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Spring Island, South Carolina

AT FIRST GLANCE, this waterfront compound is unassuming and inconspicuous, but a closer look reveals a home that draws drama not from its presence but from its surroundings. Despite the need for a generous amount of space, the clients were determined to preserve the charm of the native ecosystem and the views of its abundant wildlife across an ever-changing marsh. To sustain the serenity of the site and the sense of discovery experienced in the primordial-esque forest at the property’s edge, the design team let the natural beauty of the setting guide them, weaving together four distinct and humble structures to compose a harmonious home. The compound; a main dwelling, two guesthouses, and a carriage house; has no dominant façade or obvious front door. Instead, the home’s centerpiece is a long breezeway that frames a stunning view through mature trees to the river beyond. When approached by land, the meandering assemblage of buildings invites you to look right through it rather than at it. From the river, the buildings shy away under the canopy of Live Oaks and Spanish moss. This unity with the landscape continues inside, where nearly every room enjoys a view of the coastal setting.

Interior Design: J. Banks Design ~ Landscape Architecture: Hooten Land Design ~ Builder: Clements Construction of Frogmore ~ Photography: Richard Leo Johnson

Most striking about this dwelling is that
it does not strike you with its presence.

THE HEART OF THIS HOME IS ITS BREEZEWAY, an open air hallway paralleling the river between the main house and guest houses. Ascending on to the 110’ long breezeway, the entry comes into view. Welcoming you inside, the front door opens to reveal a living room awash in light but warmed by a ceiling of hand-hewn beams and trusses. Throughout the main dwelling, touches of reclaimed wood with a weathered patina sets a rustic-meets-refined tone. This eclectic use of materials provides a backdrop where traditional antiques and contemporary art are equally at home.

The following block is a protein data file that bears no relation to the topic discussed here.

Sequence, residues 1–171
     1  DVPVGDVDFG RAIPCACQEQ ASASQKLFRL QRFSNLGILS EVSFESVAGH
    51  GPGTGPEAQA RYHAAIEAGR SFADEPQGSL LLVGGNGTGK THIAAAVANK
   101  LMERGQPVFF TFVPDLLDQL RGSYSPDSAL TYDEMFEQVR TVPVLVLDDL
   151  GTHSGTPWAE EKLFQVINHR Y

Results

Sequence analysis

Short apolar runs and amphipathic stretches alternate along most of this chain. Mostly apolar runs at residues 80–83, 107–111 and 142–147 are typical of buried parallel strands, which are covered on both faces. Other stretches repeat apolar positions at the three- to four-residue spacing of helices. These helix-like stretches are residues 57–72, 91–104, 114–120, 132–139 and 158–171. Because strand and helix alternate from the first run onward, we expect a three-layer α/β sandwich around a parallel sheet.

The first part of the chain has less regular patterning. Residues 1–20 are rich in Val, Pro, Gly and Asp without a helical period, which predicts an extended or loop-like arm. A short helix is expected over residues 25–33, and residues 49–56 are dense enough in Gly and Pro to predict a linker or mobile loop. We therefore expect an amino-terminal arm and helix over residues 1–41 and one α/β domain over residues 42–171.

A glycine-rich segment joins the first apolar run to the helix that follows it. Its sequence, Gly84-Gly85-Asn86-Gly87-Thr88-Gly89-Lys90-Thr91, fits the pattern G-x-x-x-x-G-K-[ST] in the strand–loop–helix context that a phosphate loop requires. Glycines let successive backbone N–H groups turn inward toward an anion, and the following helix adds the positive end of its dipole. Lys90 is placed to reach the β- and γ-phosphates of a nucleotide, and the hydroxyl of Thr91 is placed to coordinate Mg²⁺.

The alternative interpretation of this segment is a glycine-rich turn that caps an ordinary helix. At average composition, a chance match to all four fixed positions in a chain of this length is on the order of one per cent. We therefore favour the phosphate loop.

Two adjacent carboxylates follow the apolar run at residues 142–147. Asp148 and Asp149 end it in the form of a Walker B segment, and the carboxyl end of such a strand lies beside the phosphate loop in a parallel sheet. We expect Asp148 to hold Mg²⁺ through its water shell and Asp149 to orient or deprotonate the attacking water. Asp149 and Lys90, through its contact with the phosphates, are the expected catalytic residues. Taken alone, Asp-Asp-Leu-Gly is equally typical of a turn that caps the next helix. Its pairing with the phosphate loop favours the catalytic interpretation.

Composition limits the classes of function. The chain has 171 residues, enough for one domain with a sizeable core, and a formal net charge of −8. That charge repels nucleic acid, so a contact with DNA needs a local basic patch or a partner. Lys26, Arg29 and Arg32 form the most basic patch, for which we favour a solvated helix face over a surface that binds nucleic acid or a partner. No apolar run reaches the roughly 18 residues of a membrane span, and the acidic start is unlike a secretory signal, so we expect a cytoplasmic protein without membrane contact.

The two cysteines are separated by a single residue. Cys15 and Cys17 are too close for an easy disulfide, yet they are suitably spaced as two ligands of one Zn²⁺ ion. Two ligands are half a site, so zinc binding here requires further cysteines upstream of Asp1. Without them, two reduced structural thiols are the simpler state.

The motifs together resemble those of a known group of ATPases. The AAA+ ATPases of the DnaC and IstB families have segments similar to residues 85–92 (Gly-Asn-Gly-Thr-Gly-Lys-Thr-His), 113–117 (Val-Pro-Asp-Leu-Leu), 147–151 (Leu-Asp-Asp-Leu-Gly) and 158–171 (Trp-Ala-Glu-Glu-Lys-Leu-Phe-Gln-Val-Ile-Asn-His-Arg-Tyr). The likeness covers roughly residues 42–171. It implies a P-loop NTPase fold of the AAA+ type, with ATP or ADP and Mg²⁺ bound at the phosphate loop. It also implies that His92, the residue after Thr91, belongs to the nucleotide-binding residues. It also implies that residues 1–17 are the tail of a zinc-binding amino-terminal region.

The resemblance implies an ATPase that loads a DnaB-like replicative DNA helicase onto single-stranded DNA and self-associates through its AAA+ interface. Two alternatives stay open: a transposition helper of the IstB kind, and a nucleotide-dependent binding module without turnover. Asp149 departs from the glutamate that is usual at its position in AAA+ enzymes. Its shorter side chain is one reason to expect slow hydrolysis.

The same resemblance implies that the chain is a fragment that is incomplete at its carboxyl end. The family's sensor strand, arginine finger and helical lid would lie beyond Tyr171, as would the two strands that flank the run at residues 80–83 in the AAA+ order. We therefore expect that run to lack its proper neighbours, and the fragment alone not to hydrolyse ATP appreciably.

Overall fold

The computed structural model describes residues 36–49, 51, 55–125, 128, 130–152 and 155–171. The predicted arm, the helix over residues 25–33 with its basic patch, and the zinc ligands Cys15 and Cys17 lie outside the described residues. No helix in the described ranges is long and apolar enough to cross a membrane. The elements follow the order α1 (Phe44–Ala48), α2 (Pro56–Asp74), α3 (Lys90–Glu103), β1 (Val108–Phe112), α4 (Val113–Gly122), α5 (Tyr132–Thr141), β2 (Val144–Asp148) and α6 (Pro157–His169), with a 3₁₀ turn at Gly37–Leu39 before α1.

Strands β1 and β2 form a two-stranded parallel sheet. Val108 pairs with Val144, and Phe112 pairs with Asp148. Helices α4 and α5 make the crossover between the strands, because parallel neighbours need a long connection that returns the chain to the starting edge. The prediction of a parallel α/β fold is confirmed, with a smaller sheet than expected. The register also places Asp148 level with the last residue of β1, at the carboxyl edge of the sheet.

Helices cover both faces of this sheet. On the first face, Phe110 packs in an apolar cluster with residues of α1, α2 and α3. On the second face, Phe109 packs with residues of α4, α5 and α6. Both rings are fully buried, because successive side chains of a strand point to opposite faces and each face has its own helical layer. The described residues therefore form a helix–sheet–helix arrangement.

ILLUMINATED BY A LARGE METAL-FRAMED SKYLIGHT, vestiges of white paint give the kitchen ceiling a soft patina.
The dining room steps down to address the river and is wrapped with windows for expansive views of the water’s edge.

Materials gathered from old barns find a new home in the barn-style carriage house.

reclaimed wood is put to use in both functional and decorative elements of the design, including a rustic bureau, agrarian cupola, and rugged newel post.

A step down from the breezeway, a spa and lap pool overlook the Colleton River.

upper level balconies provide quiet places for enjoying the coastal panorama.